Will the national GOP go the way of the California GOP?

Which brings us back to the previously mentioned consequences of political madness. In California, where the radicalization of the GOP has had the longest time to work its way into hearts and minds, the Republican party has reduced itself to rump status. Once solidly conservative congressional and state legislative districts in suburban communities along the Pacific Coast have (mostly) adopted various shades of blue while Republicans have largely receded to the inland districts in the Central Valley and other more rural areas of the state. One way to fix this problem would be to allow some ideological diversity and variation among Republican candidates to tailor messages that appeal to more moderate voters but this would result in a tissue reject among GOP primary voters.

The result is a Democratic stranglehold on state government that empowers progressives to define the terms of policy debates and set the parameters of what’s desirable and achievable, following every wind of progressive doctrine and only occasionally being overruled by citizen ballot initiatives. At the statewide level, only the most dire circumstances (think Gray Davis’s budget and electrical grid meltdowns) are enough to give the GOP a shot at the governorship, and then apparently only if they select an action-hero movie idol like Arnold Schwarzenegger who can figure out a way to combine populist star power with policy moderation. The absence of an effective Republican opposition in the state, which is mostly derivative of GOP radicalization, has made conservative policy nightmares come true. Meanwhile, the people of California are stuck with an increasingly distant, dismissive, and dysfunctional state government that seems unable to deal with pressing challenges like energy, water, housing, and homelessness and uninterested in restraining its own growth.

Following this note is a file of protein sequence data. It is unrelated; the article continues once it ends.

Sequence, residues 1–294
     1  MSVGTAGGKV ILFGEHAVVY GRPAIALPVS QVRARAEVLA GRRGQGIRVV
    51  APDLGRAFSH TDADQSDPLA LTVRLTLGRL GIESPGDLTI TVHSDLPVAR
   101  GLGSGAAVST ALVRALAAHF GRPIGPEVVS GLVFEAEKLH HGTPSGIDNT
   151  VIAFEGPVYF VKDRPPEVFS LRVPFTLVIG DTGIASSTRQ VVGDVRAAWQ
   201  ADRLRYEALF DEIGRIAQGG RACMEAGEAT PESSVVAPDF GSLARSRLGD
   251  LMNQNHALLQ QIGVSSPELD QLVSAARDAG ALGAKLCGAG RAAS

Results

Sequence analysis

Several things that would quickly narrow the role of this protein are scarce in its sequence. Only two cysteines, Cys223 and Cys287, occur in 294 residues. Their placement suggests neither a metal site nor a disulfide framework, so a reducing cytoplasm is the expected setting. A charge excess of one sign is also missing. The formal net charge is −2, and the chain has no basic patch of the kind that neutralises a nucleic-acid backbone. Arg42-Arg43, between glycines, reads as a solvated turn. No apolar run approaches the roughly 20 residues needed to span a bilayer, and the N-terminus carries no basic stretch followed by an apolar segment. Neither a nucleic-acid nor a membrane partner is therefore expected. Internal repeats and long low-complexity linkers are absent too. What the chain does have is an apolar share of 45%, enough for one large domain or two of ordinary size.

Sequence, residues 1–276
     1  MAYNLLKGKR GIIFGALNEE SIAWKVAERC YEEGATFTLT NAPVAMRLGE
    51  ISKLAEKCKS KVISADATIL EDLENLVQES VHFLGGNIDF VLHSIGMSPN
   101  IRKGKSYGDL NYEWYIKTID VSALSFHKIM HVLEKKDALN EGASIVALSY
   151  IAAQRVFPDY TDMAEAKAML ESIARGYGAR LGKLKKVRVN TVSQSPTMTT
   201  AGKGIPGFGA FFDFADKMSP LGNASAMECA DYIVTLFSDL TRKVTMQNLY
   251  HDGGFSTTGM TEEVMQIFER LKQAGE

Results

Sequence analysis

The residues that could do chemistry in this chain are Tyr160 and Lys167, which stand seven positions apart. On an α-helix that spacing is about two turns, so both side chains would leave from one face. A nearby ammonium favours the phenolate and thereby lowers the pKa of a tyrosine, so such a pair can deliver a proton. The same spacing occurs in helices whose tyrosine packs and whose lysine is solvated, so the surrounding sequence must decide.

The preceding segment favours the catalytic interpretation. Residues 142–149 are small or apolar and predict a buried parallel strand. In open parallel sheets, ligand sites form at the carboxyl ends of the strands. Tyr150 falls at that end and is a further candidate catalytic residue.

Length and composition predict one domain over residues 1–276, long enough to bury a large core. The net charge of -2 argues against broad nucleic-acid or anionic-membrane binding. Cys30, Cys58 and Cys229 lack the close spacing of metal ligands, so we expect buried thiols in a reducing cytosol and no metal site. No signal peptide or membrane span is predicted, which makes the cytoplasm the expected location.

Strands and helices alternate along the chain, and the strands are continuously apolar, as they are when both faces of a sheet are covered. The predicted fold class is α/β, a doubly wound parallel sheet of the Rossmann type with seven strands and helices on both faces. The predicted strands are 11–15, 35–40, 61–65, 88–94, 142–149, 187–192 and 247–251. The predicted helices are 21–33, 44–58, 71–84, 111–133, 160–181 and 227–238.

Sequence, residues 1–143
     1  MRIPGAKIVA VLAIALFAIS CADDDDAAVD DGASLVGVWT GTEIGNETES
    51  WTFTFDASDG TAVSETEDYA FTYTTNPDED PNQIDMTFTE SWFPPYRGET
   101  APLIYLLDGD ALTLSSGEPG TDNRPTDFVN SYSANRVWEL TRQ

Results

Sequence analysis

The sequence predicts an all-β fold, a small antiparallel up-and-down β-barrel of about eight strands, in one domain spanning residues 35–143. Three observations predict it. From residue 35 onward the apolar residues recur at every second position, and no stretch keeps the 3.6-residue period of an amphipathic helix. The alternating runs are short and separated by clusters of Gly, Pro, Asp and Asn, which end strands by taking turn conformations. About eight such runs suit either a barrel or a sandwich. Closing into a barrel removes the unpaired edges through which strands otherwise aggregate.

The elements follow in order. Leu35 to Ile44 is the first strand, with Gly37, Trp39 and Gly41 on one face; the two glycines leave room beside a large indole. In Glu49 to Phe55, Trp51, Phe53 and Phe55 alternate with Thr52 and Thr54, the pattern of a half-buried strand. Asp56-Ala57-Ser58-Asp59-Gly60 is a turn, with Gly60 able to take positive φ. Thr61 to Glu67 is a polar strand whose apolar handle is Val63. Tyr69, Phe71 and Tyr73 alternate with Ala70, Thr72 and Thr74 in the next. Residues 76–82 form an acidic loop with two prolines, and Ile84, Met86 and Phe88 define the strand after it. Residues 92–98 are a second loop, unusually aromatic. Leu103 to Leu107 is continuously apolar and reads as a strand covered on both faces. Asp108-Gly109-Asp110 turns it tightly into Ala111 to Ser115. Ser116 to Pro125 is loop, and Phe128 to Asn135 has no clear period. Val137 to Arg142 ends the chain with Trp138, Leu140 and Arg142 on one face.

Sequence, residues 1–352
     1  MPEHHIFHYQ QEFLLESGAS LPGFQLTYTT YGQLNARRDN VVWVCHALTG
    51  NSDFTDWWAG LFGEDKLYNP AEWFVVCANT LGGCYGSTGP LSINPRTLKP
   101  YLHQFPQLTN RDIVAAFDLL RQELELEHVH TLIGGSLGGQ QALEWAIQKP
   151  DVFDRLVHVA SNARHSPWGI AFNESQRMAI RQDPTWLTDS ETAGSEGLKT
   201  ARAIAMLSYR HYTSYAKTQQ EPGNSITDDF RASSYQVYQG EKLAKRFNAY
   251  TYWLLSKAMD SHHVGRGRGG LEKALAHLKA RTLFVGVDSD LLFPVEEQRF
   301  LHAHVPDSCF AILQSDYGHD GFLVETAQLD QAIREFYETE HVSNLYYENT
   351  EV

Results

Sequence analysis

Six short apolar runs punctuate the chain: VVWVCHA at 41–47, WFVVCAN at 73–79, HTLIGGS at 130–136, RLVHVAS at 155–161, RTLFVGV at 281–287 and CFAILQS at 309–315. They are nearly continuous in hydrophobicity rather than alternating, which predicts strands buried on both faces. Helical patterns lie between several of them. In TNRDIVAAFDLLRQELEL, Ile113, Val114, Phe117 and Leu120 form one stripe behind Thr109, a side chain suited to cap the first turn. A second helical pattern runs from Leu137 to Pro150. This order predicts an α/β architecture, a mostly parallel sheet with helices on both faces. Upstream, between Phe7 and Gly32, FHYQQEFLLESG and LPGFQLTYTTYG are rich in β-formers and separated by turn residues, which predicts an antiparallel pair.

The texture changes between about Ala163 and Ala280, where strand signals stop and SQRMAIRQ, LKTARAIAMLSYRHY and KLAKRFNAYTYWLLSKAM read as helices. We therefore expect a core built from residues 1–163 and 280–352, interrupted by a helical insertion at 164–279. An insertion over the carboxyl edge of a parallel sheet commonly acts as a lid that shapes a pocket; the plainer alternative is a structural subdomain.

This downward spiral of political weakness and policy landslides should (but won’t) serve as a cautionary tale for a party that “lives in terror of its voters.” Unless Republicans find the nerve to call a halt, they risk seeing their party’s long-term political prospects devoured by xenophobia and conspiracism. That is a not-insignificant problem—for everyone.